The international patent application WO 95/10160 describes a method for decoding a signal which describes a video picture as a function of a number of independent system primaries to produce a signal which describes the same video picture as a function of more independent display primaries.

A first step in the method described there consists in the various display primaries being selected in such a way that an improved colour gamut is obtained. Then, the signals entering the display need to be converted into signals for driving each of the selected display primaries. This is tantamount to solving a system with more unknowns than equations, which generally provides an infinite number of possible solutions for depicting a particular colour within the new gamut. So as to generate a unique set of drive voltages in accordance with the incoming signals, somewhat arbitrary additional conditions are imposed.

To this end, the colour polygon which specifies the colour gamut of the display comprising a plurality of primaries is split into overlapping and non-overlapping triangles which are formed by groups of three primaries at a time.

The use of non-overlapping triangles may cause problems if the implementation of the arithmetic units has not been carried out with sufficient accuracy. Noise may then cause rapid jumping between adjoining triangles.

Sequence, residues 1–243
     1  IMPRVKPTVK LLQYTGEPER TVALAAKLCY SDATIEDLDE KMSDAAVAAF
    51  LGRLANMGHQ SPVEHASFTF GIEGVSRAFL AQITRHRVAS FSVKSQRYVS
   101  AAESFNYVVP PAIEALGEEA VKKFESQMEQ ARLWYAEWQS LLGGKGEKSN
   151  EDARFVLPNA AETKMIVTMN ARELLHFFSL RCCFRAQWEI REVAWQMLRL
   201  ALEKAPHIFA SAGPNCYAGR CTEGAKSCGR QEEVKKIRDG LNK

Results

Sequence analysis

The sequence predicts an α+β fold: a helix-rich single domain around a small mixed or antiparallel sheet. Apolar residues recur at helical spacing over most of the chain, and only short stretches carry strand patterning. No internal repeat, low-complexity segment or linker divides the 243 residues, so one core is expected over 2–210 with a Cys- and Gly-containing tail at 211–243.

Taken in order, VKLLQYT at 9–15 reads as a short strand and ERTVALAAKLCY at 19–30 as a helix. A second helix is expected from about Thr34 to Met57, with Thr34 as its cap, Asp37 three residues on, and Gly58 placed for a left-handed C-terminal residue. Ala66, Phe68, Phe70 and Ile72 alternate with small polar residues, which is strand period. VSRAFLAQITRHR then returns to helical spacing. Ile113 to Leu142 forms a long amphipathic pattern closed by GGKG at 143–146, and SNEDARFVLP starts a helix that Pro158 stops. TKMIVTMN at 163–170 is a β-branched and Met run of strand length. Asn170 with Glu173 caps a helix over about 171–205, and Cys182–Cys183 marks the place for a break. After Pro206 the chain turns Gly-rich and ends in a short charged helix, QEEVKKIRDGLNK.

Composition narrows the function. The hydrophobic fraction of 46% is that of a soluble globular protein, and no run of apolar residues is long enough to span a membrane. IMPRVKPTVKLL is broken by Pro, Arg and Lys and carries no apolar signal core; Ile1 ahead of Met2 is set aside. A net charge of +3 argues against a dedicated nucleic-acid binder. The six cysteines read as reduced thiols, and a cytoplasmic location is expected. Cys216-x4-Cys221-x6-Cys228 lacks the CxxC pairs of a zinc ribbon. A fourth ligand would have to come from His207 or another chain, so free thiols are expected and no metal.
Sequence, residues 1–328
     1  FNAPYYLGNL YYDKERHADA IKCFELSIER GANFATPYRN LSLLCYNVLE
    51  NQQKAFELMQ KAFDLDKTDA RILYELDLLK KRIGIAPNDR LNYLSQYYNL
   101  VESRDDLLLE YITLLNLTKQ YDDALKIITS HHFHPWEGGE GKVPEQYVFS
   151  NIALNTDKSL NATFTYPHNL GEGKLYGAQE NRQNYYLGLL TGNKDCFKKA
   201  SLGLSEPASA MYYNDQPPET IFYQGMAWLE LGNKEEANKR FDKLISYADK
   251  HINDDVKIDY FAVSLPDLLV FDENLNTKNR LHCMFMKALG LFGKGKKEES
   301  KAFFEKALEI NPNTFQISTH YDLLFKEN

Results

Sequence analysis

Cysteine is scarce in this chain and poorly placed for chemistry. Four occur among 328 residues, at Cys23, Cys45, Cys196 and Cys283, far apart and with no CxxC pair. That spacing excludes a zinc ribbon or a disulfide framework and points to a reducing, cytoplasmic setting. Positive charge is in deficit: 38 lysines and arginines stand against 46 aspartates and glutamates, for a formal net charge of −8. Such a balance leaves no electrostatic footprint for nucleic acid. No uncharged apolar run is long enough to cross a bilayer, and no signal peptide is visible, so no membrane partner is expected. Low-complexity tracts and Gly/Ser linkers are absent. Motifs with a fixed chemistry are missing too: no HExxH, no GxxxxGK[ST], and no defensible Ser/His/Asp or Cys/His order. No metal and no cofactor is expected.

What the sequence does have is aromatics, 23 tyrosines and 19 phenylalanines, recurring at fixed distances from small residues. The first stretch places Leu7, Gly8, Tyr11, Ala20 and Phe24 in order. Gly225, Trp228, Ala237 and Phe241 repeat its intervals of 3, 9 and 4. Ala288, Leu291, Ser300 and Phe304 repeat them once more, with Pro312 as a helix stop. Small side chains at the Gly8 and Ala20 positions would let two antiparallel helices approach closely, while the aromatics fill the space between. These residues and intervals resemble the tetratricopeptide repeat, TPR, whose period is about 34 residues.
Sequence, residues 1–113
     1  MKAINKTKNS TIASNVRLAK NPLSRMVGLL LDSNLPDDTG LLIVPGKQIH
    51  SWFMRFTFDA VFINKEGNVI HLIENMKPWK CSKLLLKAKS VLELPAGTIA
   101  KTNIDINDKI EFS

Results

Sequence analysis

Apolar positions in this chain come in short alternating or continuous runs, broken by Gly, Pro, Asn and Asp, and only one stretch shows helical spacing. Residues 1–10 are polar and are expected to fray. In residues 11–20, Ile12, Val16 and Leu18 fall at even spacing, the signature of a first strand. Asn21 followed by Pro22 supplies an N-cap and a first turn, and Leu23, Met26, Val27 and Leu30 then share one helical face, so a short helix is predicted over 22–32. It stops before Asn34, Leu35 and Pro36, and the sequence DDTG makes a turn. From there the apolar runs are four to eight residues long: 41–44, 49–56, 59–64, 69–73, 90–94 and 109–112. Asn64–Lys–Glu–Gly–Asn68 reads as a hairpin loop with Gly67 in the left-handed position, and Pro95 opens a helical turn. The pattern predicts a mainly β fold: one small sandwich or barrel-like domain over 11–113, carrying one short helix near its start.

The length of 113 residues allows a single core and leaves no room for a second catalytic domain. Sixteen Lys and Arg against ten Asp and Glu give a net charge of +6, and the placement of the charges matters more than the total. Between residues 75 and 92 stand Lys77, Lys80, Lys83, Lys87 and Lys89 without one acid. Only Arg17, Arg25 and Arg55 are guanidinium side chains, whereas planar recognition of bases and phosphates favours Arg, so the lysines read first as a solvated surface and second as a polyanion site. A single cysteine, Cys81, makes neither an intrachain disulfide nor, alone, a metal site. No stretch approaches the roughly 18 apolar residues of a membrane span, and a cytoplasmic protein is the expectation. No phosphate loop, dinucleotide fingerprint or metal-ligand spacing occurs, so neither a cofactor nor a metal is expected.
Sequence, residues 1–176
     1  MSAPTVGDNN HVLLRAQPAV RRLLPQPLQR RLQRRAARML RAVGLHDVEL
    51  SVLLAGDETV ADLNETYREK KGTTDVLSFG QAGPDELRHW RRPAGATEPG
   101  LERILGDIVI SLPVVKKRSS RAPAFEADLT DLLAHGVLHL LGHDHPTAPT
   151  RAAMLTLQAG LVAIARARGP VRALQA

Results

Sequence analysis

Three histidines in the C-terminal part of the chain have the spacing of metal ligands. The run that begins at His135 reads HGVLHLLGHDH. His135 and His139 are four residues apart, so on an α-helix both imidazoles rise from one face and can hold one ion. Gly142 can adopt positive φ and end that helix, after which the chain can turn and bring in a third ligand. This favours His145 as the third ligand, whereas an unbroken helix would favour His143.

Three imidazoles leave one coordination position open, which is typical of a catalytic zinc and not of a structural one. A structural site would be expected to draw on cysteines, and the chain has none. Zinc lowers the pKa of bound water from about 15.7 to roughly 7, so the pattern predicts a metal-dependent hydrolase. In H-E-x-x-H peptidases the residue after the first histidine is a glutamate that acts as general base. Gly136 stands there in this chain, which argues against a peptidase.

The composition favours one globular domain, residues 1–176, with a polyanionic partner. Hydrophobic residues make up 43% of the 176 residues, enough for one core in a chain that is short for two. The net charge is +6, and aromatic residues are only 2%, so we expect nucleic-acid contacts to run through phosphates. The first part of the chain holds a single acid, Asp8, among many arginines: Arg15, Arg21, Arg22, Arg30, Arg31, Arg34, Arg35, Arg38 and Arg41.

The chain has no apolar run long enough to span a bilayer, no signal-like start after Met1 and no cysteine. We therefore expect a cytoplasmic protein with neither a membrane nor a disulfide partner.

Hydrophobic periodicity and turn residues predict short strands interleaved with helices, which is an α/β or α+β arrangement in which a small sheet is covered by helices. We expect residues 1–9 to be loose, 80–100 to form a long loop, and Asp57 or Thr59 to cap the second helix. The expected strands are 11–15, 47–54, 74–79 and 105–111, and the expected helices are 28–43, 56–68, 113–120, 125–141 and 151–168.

To prevent this it is possible, according to said patent application, to employ overlapping triangles. Hysteresis is relied upon to ensure that jumping between different triangles (i.e. the driving of display primaries different from the original one, even if that is not strictly necessary) is prevented as far as possible.

The received video signal is converted, via matrix computations which are carried out in matrix units, into drive signals for each of the primaries which form a triangle, this being done for each of the triangles which make up the system. A logical unit is linked to each matrix unit and examines the output signals of each of them and selects a particular set which contains only positive drive signals. These drive signals are then used to drive the display primaries.

The matrix computations described in the above invention are very complex.